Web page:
Spread your risk
Diversify your investments, across a whole lot of industries and sectors. For example, you could have a mixture of shares, bonds, and property. Invest with a geographical spread, as investing only in NZ shares can make you vulnerable to one-off shocks—like a natural disaster or an agricultural event that could affect our exports.
Match your investments to the time period you can invest for. If your horizon is greater than 10 years, then shares could be a good option. If you need your money back sooner, then you might consider having a mixture of shares and bonds.
Should you invest in gold? One person in the audience thought so, but Mary was quick to point out that you should only do this as a small part of an overall investment strategy. Gold differs from any other investment in that you can only make money if the price goes up, whereas with shares, you can benefit from a price increase, plus get dividends.
Largely, ignore past performance
It’s inevitable that share prices will go up and down. “This time it’s different”—Mary has heard that over and over again since she did her MBA in 1986. The lesson to be learned from this is that it’s nigh on impossible to play the market.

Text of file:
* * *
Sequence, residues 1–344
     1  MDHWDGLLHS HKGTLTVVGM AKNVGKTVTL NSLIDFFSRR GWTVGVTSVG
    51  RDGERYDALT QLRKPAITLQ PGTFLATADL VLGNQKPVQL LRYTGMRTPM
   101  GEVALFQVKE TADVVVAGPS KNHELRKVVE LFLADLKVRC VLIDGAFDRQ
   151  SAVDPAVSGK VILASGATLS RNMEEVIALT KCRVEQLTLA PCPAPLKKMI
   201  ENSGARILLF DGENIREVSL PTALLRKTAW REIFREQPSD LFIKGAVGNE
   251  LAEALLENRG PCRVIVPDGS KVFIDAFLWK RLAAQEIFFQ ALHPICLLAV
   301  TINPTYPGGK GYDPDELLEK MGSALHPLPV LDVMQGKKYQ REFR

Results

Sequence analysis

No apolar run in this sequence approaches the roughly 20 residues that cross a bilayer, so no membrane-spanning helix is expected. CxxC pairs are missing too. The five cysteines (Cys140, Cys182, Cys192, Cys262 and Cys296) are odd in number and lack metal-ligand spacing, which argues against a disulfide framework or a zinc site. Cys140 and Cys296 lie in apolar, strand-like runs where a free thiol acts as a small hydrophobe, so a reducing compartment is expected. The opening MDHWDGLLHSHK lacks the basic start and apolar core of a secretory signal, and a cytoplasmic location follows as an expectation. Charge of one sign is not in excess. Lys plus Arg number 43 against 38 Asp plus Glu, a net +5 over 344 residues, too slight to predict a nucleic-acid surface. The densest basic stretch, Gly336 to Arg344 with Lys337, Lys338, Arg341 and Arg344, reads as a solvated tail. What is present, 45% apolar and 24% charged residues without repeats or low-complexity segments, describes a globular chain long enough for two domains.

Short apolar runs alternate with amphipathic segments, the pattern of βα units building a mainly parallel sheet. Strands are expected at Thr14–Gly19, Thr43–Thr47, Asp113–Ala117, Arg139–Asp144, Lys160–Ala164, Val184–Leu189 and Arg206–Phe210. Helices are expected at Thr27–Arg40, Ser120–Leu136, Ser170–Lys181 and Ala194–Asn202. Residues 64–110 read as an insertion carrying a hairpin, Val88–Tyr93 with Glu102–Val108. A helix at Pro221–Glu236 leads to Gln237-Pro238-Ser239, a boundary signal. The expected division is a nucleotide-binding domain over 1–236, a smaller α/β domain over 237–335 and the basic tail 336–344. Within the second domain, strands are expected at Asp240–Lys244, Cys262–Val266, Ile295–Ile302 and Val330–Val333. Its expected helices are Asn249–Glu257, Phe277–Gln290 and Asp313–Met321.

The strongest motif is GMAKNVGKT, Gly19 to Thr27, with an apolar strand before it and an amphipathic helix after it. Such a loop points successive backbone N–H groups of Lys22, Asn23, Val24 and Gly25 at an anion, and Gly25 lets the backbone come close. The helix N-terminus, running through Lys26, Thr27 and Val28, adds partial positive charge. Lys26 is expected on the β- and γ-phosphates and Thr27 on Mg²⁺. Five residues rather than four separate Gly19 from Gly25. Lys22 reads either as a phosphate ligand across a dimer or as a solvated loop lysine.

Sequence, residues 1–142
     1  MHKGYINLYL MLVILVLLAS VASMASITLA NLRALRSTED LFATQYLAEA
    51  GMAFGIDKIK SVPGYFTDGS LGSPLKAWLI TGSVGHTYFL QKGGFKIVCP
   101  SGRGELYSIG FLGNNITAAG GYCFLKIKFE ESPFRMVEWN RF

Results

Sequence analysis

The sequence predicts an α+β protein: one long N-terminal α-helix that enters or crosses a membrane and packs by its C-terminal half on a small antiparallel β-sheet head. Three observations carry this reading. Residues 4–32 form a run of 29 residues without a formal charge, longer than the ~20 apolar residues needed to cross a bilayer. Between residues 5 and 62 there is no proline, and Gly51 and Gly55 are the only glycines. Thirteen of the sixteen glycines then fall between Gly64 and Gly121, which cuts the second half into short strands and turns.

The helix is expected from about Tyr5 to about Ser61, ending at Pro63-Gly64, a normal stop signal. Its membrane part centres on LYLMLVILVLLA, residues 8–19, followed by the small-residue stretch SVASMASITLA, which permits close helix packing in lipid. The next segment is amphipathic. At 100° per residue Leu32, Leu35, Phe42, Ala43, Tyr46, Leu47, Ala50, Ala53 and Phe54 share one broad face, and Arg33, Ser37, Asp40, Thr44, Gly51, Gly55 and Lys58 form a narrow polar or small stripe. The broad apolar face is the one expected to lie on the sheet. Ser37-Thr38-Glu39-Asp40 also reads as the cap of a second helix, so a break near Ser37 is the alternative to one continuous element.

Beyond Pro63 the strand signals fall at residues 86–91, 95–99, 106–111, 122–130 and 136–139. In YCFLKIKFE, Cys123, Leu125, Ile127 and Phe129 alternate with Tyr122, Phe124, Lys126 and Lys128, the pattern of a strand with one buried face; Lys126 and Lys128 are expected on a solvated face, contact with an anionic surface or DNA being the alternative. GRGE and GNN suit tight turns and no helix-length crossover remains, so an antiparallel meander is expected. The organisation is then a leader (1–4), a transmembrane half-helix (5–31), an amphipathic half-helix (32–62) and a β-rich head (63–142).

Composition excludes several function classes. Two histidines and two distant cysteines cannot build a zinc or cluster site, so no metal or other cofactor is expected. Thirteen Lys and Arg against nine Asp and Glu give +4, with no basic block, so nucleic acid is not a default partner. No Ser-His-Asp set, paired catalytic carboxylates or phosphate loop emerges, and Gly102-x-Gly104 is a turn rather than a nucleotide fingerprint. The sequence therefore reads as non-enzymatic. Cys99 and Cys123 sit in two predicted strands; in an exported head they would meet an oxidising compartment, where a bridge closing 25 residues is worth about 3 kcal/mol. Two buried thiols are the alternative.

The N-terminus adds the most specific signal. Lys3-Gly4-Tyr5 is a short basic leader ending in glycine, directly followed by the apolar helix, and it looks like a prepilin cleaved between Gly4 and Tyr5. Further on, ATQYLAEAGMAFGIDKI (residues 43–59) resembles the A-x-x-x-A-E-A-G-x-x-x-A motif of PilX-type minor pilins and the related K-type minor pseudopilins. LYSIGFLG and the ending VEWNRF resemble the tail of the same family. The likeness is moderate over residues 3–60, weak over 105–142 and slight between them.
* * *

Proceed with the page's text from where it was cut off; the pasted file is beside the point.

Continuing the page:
Investments can go from best to worst, and vice versa in a matter of years. Countries can go from best to worst, then back to best, too. New Zealand in 1986 had a 111% return on its sharemarket. The following year it was -44%. In 2008, India had a -56% return, then in 2009, they had a 94% return.
Don’t try to time the market
You’re good at picking the right funds until you aren’t. In Mary’s experience, timing the market doesn’t work—there’s a heap of data that shows that people who trade frequently don’t do as well as those who buy and hold. There are more fees for buying and selling (not on Sharesies) which erode gains, and there’s also a likelihood of a capital gains tax being imposed on people who trade regularly.
Never be forced to sell
Before you decide to invest, do a worst case scenario. If your investment halved, how would you feel? You need to be prepared, emotionally and financially, to lose money and then wait for the market to recover. If you think your personal circumstances mean you might need the money sooner, then reconsider what your investment strategy is, and adjust to suit.
Selling when the market is low is the biggest way to lose money. So, if you can help it, don’t do it. Ride it out. The longer you have an investment, the better.
Sit back and relax
Investing should be like watching paint dry. Keep investing regularly, and leave it there regardless of what the market is doing.
Mary had a real-life example of a person who experienced a -5% return on his KiwiSaver investment after moving the money around different funds, based on which fund had ‘performed the best’. If the person had left the money in the original fund, they would have had a 9.3% return. They should have sat back and relaxed.
So drip-feed money into an investment, keep reinvesting dividends, check your fund only occasionally (so you’re not tempted to change your strategy) and reap the rewards at the end.
If you’ve got any feedback, we’d love to hear from you—especially if you have suggestions for speakers and topics. Send an email to [email protected].
See you next time!